Lauren and I went to Walgreen’s the other day.
We do this on days where Tabitha has her after-school violin practice, since there’s not really enough time to go home or do much of anything productive in the tiny little slice of the day that exists between picking up Lauren at Not Bad President Elementary and picking up Tabitha at Mighty Clever Guy Middle School, even when you add in the half hour or so that the violin group takes up. And Walgreens has snacks.
We like snacks.
It is cold here in Wisconsin again, the sort of weather we normally get in November. That’s close enough to being on target that we’ll take it. It’s also cold enough that hanging out by MCGMS and tossing our superball against the asphalt to see how high it bounces is a bit more daunting than it was a couple of weeks ago. So after we picked out our snacks (and one for Tabitha), Lauren and I wandered around a bit looking at all the various items that are for sale.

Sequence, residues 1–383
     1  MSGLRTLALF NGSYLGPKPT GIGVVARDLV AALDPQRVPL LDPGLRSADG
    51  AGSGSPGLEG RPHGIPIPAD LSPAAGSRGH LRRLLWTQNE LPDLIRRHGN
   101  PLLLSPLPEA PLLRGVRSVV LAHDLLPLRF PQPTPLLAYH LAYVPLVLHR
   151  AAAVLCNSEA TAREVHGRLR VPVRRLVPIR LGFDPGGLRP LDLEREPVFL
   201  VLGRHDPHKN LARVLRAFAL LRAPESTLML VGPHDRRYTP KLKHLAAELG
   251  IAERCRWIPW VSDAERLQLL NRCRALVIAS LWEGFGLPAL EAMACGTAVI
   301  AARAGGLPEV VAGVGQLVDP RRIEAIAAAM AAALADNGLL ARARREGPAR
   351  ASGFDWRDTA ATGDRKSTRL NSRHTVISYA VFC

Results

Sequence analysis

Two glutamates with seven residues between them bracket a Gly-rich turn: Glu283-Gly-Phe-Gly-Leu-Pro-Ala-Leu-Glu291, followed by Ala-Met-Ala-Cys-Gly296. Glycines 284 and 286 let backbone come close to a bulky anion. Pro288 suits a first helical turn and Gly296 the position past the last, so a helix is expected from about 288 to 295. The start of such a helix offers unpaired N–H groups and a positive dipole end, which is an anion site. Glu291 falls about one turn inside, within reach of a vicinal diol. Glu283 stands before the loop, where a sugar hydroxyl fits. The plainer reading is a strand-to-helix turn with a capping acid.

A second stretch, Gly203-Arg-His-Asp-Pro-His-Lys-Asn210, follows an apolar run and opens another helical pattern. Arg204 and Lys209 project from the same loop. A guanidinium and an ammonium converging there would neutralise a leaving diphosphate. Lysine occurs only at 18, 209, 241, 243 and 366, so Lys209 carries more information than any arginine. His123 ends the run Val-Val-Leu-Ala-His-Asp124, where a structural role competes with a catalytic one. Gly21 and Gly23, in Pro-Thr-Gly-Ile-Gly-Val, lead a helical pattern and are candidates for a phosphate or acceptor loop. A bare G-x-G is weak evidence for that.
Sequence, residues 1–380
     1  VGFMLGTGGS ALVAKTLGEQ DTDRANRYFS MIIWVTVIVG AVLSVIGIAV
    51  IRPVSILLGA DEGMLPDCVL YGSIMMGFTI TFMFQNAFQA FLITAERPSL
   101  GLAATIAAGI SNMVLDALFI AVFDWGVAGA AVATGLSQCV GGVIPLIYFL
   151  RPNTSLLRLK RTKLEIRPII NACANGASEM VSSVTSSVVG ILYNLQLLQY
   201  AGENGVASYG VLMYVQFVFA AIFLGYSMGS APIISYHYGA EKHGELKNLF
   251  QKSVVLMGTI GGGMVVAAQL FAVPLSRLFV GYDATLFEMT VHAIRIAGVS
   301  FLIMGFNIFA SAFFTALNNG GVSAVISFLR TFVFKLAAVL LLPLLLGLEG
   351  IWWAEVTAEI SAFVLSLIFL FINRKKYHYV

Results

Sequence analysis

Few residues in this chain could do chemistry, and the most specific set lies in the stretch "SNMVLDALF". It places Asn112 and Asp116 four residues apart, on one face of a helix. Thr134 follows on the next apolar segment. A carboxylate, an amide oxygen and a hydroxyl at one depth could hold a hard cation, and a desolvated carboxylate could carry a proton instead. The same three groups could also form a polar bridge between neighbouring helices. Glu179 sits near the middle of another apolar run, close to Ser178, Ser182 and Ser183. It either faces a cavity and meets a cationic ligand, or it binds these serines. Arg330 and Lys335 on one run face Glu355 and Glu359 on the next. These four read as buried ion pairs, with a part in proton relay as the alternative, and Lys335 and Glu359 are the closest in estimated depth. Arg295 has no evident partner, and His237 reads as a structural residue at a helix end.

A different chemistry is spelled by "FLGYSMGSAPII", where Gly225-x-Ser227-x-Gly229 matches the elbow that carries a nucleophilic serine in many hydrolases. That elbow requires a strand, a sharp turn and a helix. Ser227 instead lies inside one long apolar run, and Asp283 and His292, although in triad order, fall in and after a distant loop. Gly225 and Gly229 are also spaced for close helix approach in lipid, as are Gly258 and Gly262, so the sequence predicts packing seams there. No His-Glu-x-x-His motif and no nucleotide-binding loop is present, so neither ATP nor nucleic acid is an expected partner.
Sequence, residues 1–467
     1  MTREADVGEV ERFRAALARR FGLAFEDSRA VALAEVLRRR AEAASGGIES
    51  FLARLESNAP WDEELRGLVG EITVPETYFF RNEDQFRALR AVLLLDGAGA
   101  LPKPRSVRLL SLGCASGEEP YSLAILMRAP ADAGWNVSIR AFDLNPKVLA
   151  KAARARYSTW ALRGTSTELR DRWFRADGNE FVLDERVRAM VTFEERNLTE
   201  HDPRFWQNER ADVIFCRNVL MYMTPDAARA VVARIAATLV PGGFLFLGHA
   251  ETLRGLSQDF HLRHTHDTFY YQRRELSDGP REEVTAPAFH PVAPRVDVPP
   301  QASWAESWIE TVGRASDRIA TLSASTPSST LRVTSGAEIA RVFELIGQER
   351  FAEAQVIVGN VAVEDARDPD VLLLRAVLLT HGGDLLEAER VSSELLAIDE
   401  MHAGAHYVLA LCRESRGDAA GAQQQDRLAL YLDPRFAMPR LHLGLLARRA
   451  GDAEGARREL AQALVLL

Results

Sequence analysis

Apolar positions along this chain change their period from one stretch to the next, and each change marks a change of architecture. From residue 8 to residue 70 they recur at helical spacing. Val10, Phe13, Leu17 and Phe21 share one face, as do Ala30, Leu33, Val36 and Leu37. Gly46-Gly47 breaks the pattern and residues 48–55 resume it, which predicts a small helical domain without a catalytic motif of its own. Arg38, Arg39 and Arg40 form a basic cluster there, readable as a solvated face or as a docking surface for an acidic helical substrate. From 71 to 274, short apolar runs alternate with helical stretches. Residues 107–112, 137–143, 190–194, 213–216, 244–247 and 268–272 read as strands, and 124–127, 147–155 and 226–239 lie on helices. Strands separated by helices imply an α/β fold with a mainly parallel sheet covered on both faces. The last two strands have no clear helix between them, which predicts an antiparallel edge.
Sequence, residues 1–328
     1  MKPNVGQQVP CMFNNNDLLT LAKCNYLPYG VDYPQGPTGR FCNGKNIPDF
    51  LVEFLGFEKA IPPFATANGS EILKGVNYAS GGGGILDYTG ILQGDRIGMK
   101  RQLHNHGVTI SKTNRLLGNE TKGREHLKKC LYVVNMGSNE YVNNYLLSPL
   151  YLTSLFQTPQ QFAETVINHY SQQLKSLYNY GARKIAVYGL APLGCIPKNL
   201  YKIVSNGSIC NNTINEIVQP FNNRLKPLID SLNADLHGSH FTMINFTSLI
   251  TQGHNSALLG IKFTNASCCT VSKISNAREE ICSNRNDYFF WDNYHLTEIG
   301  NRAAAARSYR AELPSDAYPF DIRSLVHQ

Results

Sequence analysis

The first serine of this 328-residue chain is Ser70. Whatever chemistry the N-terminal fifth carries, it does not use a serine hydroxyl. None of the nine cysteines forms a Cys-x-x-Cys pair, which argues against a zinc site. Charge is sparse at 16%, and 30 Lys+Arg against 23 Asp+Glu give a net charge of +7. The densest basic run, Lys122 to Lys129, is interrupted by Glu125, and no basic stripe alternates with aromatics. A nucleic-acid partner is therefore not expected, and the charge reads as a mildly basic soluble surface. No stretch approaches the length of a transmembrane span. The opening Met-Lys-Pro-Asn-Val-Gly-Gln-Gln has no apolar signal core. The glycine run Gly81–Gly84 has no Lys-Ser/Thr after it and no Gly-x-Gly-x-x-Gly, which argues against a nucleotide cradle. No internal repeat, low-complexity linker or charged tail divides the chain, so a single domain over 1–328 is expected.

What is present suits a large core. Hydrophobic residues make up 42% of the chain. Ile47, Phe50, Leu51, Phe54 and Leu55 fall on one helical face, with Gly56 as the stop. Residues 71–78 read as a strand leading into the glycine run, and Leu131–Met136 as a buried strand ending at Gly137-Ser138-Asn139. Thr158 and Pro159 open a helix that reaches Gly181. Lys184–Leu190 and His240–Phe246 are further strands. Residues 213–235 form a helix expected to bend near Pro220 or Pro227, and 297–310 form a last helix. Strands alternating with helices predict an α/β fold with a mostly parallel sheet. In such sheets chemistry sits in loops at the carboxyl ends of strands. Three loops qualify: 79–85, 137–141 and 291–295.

Christmas is coming. Did you know that? It is! Don’t tell anyone. It’s a secret. That’s why the retail establishments of America are working so hard to have their stores covered in Christmas kitsch year-round, so you’ll never really know when the holiday is actually drawing nearer and you’ll just buy stuff all the time. It’s a sure-fire recession-killing strategy, if you ask me. A nation dumb enough to buy pre-cooked bacon strips would surely fall for a trick like this.
So we looked at the Christmas merchandise. It was sparkly.
And there, prominently displayed on one of the end caps, was Charlie Brown’s Christmas tree. Or, rather, roughly a dozen copies of Charlie Brown’s Christmas tree, attractively packaged and individually branded with the appropriate logos and trademark symbols.
Does irony even exist in America anymore?
I’ve always loved the Charlie Brown Christmas special. It’s much quieter than most of the holiday-themed cartoons that haunt the airwaves these days, and for all the goofy humor in it there is a deep streak of introspection and sadness underneath. And there is the tree, the pathetic little sprig that Charlie Brown brings home instead of the snazzy aluminum monstrosities so popular then, the last bit of homely warmth in a coldly commercial world.
You can buy them now. Pre-packaged.
I’m not at all sure this represents progress.